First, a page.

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Most moms and dads have heard the saying that parents are their child’s first teacher and indeed that was the case with my own mother. As a teacher who taught all elementary grades during her thirty plus years in the classroom, my mom not only taught hundreds of children throughout her career but taught me to love learning.
Looking back on my childhood there were so many ways my mom integrated learning into the activities we did each day. Weekly trips to the library to choose books helped me develop a life long love of reading. Harvesting marigold seeds at the end of the summer from the plants that grew from the previous year’s seeds were a lesson in plant life cycles. Our baking projects were a chance to practice addition, fractions, and reap the rewards of kitchen science.
I especially loved the time of the year when my mom taught geology. Lessons about earthquakes and plate tectonics (which seemed to be required curriculum growing up in California) were accompanied by studies of rocks. For some students, learning about rocks and the composition of the Earth’s interior is only mildly interesting through textbooks, physical samples, and a magnifying glass but learning about core sampling through cupcakes?!? That got students’ attention!
While I thought that my mom’s students were lucky to be able to take a core samples of their cupcakes with straws and then eat them at the end of their hands-on science experiment, I didn’t realize how lucky I was because nothing is as cool as a mom who has a passion for science. Helping to create core sample cupcakes gave us a time to talk through what her students were learning as we made the cake batter, divided it into bowls, and added a drop of different color of food coloring to each before filling cupcake liners with a bit of each color batter.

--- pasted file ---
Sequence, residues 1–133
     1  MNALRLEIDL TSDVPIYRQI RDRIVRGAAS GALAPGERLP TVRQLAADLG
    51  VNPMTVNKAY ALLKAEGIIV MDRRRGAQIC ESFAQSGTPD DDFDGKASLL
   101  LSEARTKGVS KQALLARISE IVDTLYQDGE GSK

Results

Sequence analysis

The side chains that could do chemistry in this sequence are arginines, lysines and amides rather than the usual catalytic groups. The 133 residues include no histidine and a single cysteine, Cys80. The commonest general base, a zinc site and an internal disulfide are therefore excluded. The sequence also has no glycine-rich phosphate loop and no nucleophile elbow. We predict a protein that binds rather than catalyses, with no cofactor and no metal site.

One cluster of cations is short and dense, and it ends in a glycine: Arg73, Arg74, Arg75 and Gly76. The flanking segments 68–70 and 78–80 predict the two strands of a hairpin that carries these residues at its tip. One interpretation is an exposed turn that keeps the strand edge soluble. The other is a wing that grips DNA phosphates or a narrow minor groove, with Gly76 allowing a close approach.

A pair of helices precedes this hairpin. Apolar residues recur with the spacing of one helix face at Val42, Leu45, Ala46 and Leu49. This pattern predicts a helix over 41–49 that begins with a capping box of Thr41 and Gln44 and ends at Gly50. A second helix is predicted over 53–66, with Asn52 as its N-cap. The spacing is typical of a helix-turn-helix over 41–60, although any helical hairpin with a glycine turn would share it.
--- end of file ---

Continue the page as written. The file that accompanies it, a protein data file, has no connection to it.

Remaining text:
Besides the inside activities that got us thinking and acting like scientists, we also took family road trips that put us in the field that made us appreciate the beauty of our surroundings and made us want to take care of it. Tide pool walks around Monterey Bay, fishing at Foothills Park, visits to Hidden Villa, and the ability to develop a greater understanding of earthquakes beyond just feeling the ground shake were experiences that involved observing, experimenting, hypothesizing, analyzing, and testing all while having fun. And we all know that kids learn best when they’re having fun!
People say that it’s inevitable that we turn into our parents and if I’m turning into my mom, that’s not necessarily a bad thing. For years my mom has served as my science mentor without me really acknowledging it or saying thank you for the lifetime of lessons that helped foster my scientific imagination. I look back on my childhood and know that my mom provided me with the confidence to be a parent who encourages my own two kids to learn science by doing hands-on, inquiry based experiences.
So in honor of the 20th anniversary of Making Science Make Sense (MSMS), a company-wide, award-winning initiative by Bayer that advances science literacy across the United States, I want to thank my Mom for her years of mentorship.
Do you have someone that you want to thank as your science mentor?
From September 9 until November 25, Bayer is asking people of all ages to share a “thank you” message at http://www.saytku.com/ or via social media using #SayTkU, acknowledging someone who has inspired scientific imagination and helped make science make sense in their life. For each “thank you” message shared, Bayer will provide up to 1 million free admissions to a STEM venues for kids by 2020. These experiences may include a day-long adventure at a local science museum or other place of scientific discovery to educate, inspire further science-focused exploration, and spread the message that science is truly all around us.
I realize that not everyone can have a teacher or mom like my Mom but thanks to Bayer, kids across the United States will have the opportunity to engage in meaningful, hands-on, inquiry based science lessons just like my Mom taught in her classroom and encouraged me to do at home.
This post was written in partnership with Bayer’s Making Science Make Sense. All opinions are my own.